With UFC-generated sponsorship opportunities, the promotion can act as the conduit for the fighters, snagging subsequent deals with the same sponsor. This trickle-down model of sponsorships is best embodied by the Anheuser-Busch agreement. With offshoots of the primary deal, personalities including Chuck Liddell, Anderson Silva and Rachelle Leah have garnered contracts.
Unfortunately for the fighters (and Octagon girls) the UFC scores the most in such models. The "trickle down" intent usually trickles back up to the corporate level, handing the promotion the vast majority of earned marketing dollars.
The Non-Fighting Fighter Model
"The UFC makes a great platform," said Jason Genet of LG Sports Marketing. "The fighters have to learn how to leverage the platform created by the UFC."
Genet, a leader in the MMA field for procuring sponsorship opportunities, also sees value in building the aura of the fighter outside the cage.
"We develop our fighters and build marketing strategies for them that allow them to create their own fan base outside of the organizations fan base," he said. "We build them passive incomes that enable them to extend their brand and earn from it."
Developing opportunities outside their fight promotions mark another major avenue through which top sponsors will enter the sport. Facilitated by high-profile agents and managers who have expertise in garnering sponsorships deals with high-profile companies, enhancing the full personality of fighters has already taken foot with the recent signing of UFC welterweight champ Georges St-Pierre with talent agency CAA Sports.
The partnership between the young French-Canadian and CAA looks to be mutually beneficial to both parties, as CAA sees mixed martial arts as a sport that is easily translatable and marketable to a big audience.
"Everybody understands a one-on-one fight," Howard Nuchow, the co-head of CAA Sports, told The Canadian Press. "The concept is so understandable that we just think it's incredibly transportable around the world. The ad-buying community is very used to CAA having quality assets and what will be fun about this is adding Georges into that mix"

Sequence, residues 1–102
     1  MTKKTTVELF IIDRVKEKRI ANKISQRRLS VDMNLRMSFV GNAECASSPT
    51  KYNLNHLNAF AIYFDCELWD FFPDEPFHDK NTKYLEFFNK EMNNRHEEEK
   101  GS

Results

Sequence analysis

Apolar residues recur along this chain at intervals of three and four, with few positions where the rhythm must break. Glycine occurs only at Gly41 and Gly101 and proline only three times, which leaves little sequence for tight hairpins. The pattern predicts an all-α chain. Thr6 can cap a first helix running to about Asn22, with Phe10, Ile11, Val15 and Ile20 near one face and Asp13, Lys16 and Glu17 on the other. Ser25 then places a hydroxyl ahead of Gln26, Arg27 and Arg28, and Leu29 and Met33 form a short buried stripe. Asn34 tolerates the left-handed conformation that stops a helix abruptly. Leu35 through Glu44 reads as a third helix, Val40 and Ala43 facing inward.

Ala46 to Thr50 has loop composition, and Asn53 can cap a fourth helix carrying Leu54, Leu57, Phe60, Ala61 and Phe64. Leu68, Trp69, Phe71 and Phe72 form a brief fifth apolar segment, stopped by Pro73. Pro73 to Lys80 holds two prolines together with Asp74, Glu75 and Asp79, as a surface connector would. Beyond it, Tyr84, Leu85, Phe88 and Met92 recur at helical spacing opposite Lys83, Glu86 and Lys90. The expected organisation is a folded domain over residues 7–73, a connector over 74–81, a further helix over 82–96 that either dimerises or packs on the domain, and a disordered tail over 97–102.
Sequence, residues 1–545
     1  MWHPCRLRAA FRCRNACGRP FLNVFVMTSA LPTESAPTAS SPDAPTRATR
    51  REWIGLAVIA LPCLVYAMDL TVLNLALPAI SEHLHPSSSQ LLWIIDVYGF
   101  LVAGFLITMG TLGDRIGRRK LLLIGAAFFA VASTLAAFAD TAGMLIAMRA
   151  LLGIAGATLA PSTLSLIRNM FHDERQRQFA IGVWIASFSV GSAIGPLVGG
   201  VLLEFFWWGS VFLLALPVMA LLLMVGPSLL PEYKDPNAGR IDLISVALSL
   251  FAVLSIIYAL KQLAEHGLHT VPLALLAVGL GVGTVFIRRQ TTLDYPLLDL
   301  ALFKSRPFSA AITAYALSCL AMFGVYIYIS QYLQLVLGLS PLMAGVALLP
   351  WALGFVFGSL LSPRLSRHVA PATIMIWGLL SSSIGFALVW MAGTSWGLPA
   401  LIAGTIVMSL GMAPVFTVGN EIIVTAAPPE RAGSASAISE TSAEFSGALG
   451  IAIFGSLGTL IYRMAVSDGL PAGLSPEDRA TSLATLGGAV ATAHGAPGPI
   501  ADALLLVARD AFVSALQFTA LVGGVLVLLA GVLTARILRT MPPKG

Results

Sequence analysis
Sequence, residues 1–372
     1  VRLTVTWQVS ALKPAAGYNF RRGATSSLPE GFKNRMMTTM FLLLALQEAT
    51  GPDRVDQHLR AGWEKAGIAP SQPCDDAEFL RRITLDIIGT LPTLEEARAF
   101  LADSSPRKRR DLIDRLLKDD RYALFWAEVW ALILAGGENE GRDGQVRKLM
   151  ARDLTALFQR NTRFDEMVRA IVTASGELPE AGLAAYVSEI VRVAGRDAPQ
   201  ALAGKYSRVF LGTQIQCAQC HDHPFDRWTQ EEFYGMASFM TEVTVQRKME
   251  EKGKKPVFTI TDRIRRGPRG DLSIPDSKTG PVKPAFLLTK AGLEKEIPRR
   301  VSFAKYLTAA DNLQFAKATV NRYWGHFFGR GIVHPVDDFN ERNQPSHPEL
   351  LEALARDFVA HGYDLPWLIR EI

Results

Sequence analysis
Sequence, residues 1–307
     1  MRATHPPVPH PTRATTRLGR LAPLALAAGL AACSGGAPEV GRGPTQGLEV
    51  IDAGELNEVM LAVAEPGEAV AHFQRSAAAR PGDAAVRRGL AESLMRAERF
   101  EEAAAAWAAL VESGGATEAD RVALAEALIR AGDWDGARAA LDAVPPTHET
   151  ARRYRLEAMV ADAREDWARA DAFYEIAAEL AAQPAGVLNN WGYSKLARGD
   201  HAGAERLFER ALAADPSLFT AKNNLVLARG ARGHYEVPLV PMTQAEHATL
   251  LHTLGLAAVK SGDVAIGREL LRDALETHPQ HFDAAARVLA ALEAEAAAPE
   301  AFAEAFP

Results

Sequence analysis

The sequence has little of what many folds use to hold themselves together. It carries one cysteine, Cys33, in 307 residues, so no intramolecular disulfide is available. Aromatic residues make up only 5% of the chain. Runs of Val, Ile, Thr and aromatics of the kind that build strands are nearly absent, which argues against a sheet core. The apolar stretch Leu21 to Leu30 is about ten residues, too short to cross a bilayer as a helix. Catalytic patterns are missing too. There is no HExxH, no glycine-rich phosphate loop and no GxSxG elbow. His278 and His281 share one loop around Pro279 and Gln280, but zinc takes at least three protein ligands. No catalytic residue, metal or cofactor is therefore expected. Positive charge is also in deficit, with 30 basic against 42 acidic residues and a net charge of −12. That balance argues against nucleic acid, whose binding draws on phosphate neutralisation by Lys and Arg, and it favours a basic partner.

From St-Pierre's perspective, signing with CAA gives him entry into a higher level of sponsorship possibilities. Through its pre-existing relationships with mainstream companies, CAA will have a much easier time selling MMA to corporate America.
"There is still a ways to go in selling the sport itself, in educating people about MMA," said St-Pierre's manager, Shari Spencer. "It's a matter of breaking down doors, and CAA is helping with that."
This option is attractive to the fighter because he receives more equitable compensation for his likeness in comparison to the UFC's trickle-down method. Such a sponsorship strategy also diversifies the fighter's revenue streams as he branches off into money generating areas outside of the UFC's label.
But it doesn't come risk-free, though. Such efforts have to be done without the UFC as a partner and in circumstances where the promotion is often an adversary. With the growth of mixed martial arts, CAA may be the first but certainly not the last among talent agencies entering the fight industry. Competing along side the UFC in garnering deals will benefit the sport --though contentiously so -- by driving more money into the hands of fighters and promoting competition in the industry.
"The more MMA becomes accepted, the more big companies will jump on," said agent Malki Kawa, whose clients include Thiago Alves, Bobby Lashley and Thiago Silva. "It's just a matter of time, the masses always win."
Robert Joyner is the Managing Editor of MMAPayout.com: The Business of MMA.